Economies of Scale

Economies of scale refer to the reductions in cost that firms achieve by producing in larger rather than smaller volumes of output. “Economies” in the context refers to the benefits incurred by reducing costs, largely by spreading fixed costs over a greater quantity of output.

Mass production occurs through the standardization of parts and a detailed division of labor. Specialized divisions of labor, however, require a relatively large scale of output because a large pool of workers is generally necessary. Scale economies operate when increases in factor inputs generate disproportionately larger increases in output or, in more technical terms, the production function in not linear. For example, if a firm increases its inputs of labor and capital by 20% but sees its output rise by 30%, ...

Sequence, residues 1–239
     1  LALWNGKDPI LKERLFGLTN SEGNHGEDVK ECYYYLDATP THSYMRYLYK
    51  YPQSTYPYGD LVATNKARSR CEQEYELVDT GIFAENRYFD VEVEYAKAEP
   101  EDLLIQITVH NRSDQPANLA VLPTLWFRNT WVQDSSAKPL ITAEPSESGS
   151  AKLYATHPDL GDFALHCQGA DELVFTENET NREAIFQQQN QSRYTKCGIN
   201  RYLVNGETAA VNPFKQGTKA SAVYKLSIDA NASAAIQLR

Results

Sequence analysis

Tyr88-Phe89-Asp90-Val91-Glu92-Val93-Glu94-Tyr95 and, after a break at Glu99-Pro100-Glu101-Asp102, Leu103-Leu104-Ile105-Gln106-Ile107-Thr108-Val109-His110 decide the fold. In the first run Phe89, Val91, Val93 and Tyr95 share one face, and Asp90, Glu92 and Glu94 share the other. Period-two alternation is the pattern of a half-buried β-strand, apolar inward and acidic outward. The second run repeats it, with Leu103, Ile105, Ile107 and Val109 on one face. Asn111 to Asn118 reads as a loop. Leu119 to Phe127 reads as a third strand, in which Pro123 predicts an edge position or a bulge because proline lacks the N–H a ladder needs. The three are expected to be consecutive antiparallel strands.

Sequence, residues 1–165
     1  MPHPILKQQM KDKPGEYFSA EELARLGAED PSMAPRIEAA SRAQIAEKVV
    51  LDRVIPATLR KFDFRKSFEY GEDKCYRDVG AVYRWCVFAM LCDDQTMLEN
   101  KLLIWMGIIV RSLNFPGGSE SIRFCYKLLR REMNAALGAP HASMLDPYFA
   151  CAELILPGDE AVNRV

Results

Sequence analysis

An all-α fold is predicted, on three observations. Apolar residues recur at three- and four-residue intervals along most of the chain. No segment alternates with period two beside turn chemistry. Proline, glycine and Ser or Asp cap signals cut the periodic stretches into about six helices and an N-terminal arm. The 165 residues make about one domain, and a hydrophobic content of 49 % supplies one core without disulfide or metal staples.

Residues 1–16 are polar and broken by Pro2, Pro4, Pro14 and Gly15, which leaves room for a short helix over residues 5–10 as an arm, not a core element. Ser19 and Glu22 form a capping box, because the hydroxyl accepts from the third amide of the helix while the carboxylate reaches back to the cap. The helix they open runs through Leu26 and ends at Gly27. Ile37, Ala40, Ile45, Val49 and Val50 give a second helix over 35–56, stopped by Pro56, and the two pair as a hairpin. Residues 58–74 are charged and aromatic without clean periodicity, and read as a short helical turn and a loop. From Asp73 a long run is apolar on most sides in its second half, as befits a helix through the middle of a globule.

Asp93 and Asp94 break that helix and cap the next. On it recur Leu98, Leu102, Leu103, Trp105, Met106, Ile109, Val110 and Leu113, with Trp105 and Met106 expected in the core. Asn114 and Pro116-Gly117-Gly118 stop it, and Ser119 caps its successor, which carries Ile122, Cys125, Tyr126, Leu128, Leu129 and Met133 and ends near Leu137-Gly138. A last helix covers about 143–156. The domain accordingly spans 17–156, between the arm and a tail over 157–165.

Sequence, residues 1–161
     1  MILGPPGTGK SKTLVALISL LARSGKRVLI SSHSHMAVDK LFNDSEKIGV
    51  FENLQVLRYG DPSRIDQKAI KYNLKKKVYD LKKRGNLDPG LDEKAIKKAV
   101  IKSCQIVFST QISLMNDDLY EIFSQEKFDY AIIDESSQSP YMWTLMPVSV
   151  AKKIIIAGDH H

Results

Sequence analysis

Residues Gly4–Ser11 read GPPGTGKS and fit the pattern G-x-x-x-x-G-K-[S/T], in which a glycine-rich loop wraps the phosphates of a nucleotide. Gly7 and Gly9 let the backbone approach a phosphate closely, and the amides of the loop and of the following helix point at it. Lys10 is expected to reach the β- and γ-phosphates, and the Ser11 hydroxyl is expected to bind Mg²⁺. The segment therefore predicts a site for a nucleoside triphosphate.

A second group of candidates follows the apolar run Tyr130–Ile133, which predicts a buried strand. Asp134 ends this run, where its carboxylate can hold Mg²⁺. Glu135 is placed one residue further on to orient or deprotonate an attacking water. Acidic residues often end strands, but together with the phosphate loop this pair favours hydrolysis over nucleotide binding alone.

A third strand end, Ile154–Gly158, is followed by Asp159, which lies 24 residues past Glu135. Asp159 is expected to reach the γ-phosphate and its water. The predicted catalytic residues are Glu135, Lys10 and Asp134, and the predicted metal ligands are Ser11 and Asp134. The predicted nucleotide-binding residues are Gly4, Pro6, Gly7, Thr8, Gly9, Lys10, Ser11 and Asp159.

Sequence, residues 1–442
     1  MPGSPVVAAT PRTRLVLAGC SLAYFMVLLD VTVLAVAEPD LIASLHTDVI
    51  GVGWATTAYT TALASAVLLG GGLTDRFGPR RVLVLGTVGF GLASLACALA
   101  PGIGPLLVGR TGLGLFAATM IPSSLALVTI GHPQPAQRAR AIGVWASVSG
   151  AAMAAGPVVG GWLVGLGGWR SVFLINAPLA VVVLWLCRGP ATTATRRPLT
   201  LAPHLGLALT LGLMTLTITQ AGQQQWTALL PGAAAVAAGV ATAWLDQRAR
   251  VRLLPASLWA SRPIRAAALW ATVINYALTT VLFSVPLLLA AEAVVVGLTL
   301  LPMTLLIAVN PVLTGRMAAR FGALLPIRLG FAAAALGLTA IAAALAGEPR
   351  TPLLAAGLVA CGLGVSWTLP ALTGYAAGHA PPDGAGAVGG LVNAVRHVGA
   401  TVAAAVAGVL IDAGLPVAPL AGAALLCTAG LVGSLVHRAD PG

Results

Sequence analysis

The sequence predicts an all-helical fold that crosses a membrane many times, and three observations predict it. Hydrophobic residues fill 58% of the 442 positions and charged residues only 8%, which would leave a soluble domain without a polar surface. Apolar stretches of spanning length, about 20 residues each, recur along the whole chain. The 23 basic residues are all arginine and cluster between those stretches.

• Loading...
locked icon

Sign in to access this content

Get a 30 day FREE TRIAL

  • Watch videos from a variety of sources bringing classroom topics to life
  • Read modern, diverse business cases
  • Explore hundreds of books and reference titles